As the OpenNotes movement spreads, it offers important opportunities to learn from many health care professionals and health systems, as well as millions of patients. We’re collaborating closely with researchers across the country and around the world to understand the effects of fully transparent medical care on communication, engagement, safety, costs, and the overall quality of care.
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Tackling Ambulatory Safety Risks Through Patient Engagement: What 10,000 Patients and Families Say About Safety-Related Knowledge, Behaviors, and Attitudes After Reading Visit Notes
Background: Ambulatory safety risks including delayed diagnoses or missed abnormal test results are difficult for clinicians to see, because they often occur in the space between visits. Experts advocate greater patient engagement to improve safety, but strategies are limited. Patient access to clinical notes (“OpenNotes”) may help close the safety gap between visits. Methods: We…
Sharing clinic notes online with patients and parents may yield many potential benefits to patients and providers alike, but the unprecedented transparency and accessibility to notes afforded by patient portals has also raised a number of unique ethical and legal concerns. As the movement toward transparent notes (OpenNotes) grows, clinicians and health care organizations caring…
Patients frequently depend on informal caregivers (e.g., family, friends, or paid workers) to assist with various aspects of medical care, such as medication administration and travel to medical appointments. OpenNotes seeks to share clinicians’ notes with patients through patient portals. Although patients frequently grant portal access to caregivers, the impact of this improved access to…
The 21st century has ushered in a distinct emphasis on patient-centered care in allopathic medicine, as manifested by the increasing implementation of patient-centered medical homes and the frequent use of patient-centeredness in guidelines, health systems, and insurance language (1–5). The overall goal of this movement is to improve communication between physicians and patients, ultimately increasing patients’ engagement in care and improving the shared decision-making process, and thereby increasing their proclivity to follow their physicians’ advice. The costs attributed to nonadherence are staggering, estimated at $290 billion for medication nonadherence alone (6). Efforts to improve this situation are clearly warranted.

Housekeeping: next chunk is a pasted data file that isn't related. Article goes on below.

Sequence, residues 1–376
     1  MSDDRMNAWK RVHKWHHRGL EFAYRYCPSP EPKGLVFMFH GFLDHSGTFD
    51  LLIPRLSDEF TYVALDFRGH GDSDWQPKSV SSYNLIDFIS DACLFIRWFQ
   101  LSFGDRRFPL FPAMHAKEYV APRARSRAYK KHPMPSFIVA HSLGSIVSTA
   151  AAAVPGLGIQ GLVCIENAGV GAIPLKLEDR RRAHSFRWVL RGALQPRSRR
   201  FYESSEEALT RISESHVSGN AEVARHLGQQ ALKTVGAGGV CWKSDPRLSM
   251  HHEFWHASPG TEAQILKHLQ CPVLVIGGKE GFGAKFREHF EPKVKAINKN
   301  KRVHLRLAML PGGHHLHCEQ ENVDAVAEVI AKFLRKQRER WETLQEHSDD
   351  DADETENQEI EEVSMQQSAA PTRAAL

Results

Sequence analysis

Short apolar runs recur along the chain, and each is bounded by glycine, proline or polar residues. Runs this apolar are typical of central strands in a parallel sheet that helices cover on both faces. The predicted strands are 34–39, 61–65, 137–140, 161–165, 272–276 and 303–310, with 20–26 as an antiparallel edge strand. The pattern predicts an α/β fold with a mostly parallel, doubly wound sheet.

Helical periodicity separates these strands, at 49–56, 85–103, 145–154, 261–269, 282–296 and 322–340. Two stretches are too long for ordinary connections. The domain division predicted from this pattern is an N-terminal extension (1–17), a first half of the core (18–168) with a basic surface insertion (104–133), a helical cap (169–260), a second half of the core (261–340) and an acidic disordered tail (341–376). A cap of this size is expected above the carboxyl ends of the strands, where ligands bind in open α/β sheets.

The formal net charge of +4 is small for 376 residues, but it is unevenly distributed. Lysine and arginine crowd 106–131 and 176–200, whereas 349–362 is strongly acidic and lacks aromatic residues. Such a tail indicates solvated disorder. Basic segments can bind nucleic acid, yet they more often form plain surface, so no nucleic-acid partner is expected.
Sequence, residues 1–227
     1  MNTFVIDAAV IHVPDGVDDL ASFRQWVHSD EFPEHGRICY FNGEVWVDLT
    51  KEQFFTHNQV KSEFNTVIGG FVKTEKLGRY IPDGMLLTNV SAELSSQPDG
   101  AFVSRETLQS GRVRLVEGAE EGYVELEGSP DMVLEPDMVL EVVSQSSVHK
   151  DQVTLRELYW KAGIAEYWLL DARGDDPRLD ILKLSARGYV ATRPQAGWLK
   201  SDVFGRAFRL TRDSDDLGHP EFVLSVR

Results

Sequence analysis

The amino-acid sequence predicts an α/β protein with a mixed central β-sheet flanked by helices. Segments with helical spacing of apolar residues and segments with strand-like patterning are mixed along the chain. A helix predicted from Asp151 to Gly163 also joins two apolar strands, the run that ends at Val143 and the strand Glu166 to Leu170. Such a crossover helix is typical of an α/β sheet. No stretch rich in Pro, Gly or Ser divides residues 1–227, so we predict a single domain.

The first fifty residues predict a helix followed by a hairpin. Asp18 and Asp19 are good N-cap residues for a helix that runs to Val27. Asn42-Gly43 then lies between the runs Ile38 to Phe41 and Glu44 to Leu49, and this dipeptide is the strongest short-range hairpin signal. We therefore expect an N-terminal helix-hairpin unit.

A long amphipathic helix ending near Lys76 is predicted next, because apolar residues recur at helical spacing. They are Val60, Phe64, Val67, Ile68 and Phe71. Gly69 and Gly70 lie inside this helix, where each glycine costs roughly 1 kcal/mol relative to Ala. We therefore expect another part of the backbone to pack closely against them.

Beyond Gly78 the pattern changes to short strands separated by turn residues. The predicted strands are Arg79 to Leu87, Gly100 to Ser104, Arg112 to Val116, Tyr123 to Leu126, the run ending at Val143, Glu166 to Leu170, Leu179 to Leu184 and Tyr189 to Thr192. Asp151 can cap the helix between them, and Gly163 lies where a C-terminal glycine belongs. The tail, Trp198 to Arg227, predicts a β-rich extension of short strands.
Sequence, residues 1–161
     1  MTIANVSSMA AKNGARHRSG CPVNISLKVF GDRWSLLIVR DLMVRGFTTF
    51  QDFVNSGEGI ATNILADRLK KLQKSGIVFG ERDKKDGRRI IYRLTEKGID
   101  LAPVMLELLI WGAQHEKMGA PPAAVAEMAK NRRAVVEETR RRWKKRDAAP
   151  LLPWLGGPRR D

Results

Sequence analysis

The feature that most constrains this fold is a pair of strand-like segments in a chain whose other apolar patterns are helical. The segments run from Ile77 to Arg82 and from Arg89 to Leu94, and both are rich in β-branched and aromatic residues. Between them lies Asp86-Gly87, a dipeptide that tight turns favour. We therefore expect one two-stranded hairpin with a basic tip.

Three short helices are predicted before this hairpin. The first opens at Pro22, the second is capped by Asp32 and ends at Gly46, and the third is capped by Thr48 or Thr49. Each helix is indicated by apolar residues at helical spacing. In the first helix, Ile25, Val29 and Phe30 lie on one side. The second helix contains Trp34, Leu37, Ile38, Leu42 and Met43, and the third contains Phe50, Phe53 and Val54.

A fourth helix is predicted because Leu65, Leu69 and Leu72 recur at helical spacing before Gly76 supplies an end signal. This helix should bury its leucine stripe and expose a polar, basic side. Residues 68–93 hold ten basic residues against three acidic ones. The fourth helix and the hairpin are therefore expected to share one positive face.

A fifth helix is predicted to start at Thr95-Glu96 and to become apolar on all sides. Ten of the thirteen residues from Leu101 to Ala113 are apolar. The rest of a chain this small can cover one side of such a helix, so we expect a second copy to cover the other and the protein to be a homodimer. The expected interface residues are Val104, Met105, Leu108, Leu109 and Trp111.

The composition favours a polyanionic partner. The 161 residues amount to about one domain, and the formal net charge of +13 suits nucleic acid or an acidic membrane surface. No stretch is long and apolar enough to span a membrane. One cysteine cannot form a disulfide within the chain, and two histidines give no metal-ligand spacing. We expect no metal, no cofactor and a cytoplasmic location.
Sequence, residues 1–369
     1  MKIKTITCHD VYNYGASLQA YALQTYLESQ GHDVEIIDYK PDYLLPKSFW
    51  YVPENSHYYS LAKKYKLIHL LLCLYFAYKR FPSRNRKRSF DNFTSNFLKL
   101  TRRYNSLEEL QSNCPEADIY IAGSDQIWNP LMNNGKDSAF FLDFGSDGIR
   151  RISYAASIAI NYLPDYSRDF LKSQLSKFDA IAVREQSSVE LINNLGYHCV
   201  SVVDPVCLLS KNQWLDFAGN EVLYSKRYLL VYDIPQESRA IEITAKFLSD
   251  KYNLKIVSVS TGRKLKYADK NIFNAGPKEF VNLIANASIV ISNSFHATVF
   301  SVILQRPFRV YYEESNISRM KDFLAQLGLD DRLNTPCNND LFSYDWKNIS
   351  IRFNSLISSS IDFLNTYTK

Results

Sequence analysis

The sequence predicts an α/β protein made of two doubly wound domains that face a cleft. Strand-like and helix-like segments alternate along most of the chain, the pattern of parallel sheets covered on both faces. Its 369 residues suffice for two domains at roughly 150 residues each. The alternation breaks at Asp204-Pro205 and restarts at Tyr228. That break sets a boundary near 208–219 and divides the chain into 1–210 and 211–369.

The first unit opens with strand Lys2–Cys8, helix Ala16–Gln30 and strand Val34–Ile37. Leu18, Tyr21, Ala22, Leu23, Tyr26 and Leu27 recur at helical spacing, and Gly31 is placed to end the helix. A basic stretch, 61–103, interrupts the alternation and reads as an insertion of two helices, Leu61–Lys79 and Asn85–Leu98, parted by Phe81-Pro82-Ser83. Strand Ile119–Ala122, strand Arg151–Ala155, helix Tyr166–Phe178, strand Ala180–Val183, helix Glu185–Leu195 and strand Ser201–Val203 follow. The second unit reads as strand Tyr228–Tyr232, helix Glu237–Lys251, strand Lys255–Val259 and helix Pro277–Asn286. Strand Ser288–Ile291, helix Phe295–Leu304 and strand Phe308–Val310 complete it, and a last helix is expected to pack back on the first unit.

Mafi and colleagues (7) report…
Background: In a rapidly expanding practice directed toward improved communication, patient engagement, and patient safety, clinicians are increasingly inviting patients to read office visit notes on secure electronic portals. Reports from doctors and patients participating in a pilot study are strongly positive (1). However, although patient-reported outcomes indicate that reading notes is valuable, it is primarily a passive activity. As a next step, inviting patients and their families to contribute to their notes may further patient engagement and offload work from beleaguered doctors.
Objective: To solicit ideas from experts about the concept of OurNotes, an intervention in which patients and families co-produce medical notes with clinicians.
What patients value about reading visit notes: a qualitative inquiry of patient experiences with their health information
Background: Patients are increasingly asking for their health data. Yet, little is known about what motivates patients to engage with the electronic health record (EHR). Furthermore, quality-focused mechanisms for patients to comment about their records are lacking.